Earth Day is a time of reflection for Canadians as the clock ticks on efforts to get to net-zero emissions. With its focus on the Clean Power and Green Infrastructure sectors, the Canada Infrastructure Bank (CIB) demonstrates every day how its green philosophy is being translated into concrete actions to lower greenhouse gas emissions and drive energy efficiency. 

Green initiatives range from developing clean energy sources such as Small Modular Reactors, wind and solar to supporting zero-emission vehicles through its Charging and Hydrogen Refuelling Initiative, energy-efficient building upgrades and Carbon Capture and Storage.

“The CIB enabled us to scale out our concept and offer and go further than we could have alone,” says Pierre Langlois, President of SOFIAC, a retrofit aggregator that received a $200-million CIB loan in 2021.

He said the idea of an investment bank that targets projects fighting climate change can help to mitigate risks for investors and enable a more rapid and larger deployment of private sector capital.

“Green banks around the world have an important role as an accelerator for the transformation of the financial market and in helping initiatives to develop and grow faster and bigger.”

Bruce Ander, CEO of Markham District Energy, said CIB funding was a catalyst to advance the company’s business plan to connect buildings and lower its carbon footprint. Although district energy systems have been in place in Canada for more than a century, he said it is becoming increasingly clear that they are a leading strategy to help urban centres move to net-zero.

“The creation of a green bank (CIB) provides a solid foundation for low-carbon investment partnerships between the federal government (that owns the net-zero target for Canada) and the private sector that will deliver impactful projects.”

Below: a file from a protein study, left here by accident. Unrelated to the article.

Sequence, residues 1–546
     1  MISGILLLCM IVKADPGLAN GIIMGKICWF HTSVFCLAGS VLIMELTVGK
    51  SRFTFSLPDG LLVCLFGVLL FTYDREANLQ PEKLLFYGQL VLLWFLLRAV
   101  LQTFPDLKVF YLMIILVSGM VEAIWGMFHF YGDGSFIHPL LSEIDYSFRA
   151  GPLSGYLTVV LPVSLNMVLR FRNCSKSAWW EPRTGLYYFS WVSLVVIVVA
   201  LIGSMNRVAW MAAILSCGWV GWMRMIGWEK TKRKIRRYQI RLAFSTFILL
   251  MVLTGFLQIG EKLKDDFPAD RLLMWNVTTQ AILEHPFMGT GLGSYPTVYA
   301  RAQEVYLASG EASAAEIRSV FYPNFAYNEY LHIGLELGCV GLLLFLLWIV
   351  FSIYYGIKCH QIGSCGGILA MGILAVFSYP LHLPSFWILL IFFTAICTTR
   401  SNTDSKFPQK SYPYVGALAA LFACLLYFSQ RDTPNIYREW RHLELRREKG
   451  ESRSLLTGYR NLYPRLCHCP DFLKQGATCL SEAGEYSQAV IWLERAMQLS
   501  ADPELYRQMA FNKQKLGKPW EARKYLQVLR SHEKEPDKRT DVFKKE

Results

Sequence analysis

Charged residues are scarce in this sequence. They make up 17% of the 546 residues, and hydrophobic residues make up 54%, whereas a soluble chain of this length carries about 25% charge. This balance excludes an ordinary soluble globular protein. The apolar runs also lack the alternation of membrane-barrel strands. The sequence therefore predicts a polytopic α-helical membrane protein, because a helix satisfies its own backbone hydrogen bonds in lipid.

He adds that an international day focused on the planet’s health is crucial to change the priorities of the current generation that will make key decisions over the next few decades.

Canada Infrastructure Bank CEO Ehren Cory says that the Crown corporation’s position as an impact investor is helping the country as it continues the journey to a net-zero economy.

“We are making it better for Canada, and for the planet, for generations to come.”

Edward Rubinstein, Director, Environmental Compliance, Energy & Sustainability at the University Health Network, said the business case for the Toronto Western Hospital’s Wastewater Energy Transfer system that will cut about 10,000 tonnes of GHGs each year, would not have been nearly as strong without the CIB loan.

“Having a reliable source for financing low-carbon projects unlocks innovation, especially for some of the ‘deep’ retrofits with longer paybacks that need to take place for Canada to meet its climate targets,” he added.

Scott Mabury, University of Toronto Vice-President, Operations and Real Estate Partnerships, said the $56 million loan from the CIB will help fund several retrofit projects at its St. George Campus that will cut emissions by more than 50 per cent by the end of the decade. The blended financing model allows the university to move faster to address climate change.

“At a time when all levels of government are responding to global competition for green technology, the support from the CIB enables U of T to leverage these efforts and support a competitive green economy,” he said.

“While infrastructure isn’t ‘sexy’, it is critically important for health, comfort and a thriving economy,” said Peter Russell, Director of Sustainability & District Energy for the City of Richmond. The city’s wholly owned Lulu Island Energy Co. received a $175 million loan from the CIB. It is one of three district energy projects funded by the bank for a total of nearly $1 billion.

The CIB’s investments in public transit and trade/transportation sectors will also make an environmental difference.

Loans to purchase electric buses are helping Canadian municipalities to finance higher upfront costs and achieve their net-zero aspirations.

Durham Region, which borrowed $62 million to fund the purchase of up to 98 buses, said the CIB helped to offset the risk of longer payback periods that can prevent projects from scaling up because of scarce sources of revenues.

“Green banks can help deliver projects that are not sufficiently met by traditional financial markets and meet the unique needs of investors. They can make it easier to finance projects that otherwise wouldn’t be built, which helps to attract other sources of capital,” said Ian McVey, Manager of Sustainability, and Finance Commissioner Nancy Taylor.